Wednesday, September 12, 2007

Simon Birch and Listening to Your Life

I’m teaching an “Introduction to the Bible” course at Anderson University again this semester.

Last night we talked about God’s call to Abraham and his call to Moses. We observed that throughout the biblical narrative God chooses to work through frail and flawed human beings. That only makes sense, at least if God is intent on following the nonsensical course of working through human beings, since there is no other kind than frail and flawed ones. Abraham, for example, had a nasty habit of trying to pass his wife off as his sister in order to save his own skin. And Moses—well, Moses didn’t even want to do what God called him to do. He found all kinds of excuses, including an inability to speak well. Was he bashful? Was he inarticulate? Did he have a speech impediment? Regardless, God assured Moses that God could handle any complication that Moses could imagine. And, while Moses continued to prove the presence of his frailty and flaws, was used mightily by God.

I showed the class a couple of clips from the movie Simon Birch to illustrate the point. The movie is based on the novel A Prayer for Owen Meany by John Irving. In the film, Simon Birch is the odd and therefore interesting central character. Tiny at birth, Simon, who is twelve years old in the movie, remains very small. He also had other physical limitations, including a small heart. His peers treat him almost like a doll. Simon, limited and physically challenged though he may be, has a deep spiritual sense that causes him to conclude that he has a special calling from God and that he is going to be a hero one day. I won’t give the ending away in case you haven’t seen the movie, but suffice it to say that he does become a hero and fulfill his calling in ways that are directly related to what had always been viewed as his limitations.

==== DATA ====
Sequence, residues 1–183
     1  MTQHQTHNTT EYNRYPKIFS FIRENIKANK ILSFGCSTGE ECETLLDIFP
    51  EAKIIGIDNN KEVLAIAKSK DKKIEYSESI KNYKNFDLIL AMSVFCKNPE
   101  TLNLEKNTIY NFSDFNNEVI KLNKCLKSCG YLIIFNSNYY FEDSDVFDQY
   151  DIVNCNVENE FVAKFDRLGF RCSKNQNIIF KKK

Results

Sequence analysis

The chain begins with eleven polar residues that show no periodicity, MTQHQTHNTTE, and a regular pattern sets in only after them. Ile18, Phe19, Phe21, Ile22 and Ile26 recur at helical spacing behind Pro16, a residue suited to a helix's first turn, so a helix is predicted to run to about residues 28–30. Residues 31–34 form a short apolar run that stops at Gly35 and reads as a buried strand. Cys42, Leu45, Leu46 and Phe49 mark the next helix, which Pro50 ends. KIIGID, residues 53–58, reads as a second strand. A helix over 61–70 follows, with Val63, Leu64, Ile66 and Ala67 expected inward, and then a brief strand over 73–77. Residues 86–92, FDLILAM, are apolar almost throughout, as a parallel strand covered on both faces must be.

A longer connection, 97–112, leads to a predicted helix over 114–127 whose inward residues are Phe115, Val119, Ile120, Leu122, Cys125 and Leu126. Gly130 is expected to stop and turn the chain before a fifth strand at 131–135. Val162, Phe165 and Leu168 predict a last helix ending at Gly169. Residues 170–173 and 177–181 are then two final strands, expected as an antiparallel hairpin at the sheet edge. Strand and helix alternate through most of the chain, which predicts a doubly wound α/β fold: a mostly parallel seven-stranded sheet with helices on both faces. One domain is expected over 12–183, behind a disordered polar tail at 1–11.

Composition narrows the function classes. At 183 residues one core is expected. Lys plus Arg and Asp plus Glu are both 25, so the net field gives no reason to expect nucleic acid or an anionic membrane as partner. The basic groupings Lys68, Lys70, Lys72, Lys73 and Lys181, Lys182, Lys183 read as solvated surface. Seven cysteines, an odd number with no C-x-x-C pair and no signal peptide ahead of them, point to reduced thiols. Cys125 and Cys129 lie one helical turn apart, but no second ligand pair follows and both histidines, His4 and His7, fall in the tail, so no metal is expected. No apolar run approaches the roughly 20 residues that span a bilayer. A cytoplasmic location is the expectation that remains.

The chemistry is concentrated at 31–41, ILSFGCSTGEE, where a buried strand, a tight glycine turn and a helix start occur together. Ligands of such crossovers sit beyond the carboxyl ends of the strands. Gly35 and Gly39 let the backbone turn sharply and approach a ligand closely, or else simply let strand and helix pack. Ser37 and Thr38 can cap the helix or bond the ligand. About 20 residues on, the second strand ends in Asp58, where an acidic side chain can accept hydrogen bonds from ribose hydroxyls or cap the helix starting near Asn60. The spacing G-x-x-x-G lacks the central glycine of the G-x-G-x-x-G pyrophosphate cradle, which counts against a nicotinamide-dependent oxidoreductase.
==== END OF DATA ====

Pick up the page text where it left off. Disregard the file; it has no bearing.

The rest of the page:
The notion is inspiring: not only does God call us in spite of our limitations but God calls us because of our limitations. God transforms and redeems and uses what we and others might view as our negative traits to do God’s will for God’s glory. God still chooses the foolish and the weak. He really does. If we will listen to our lives for what is unique, even if that uniqueness strikes us as weak or strange, we may just find what is in us that God can and will use.

To God be the glory.

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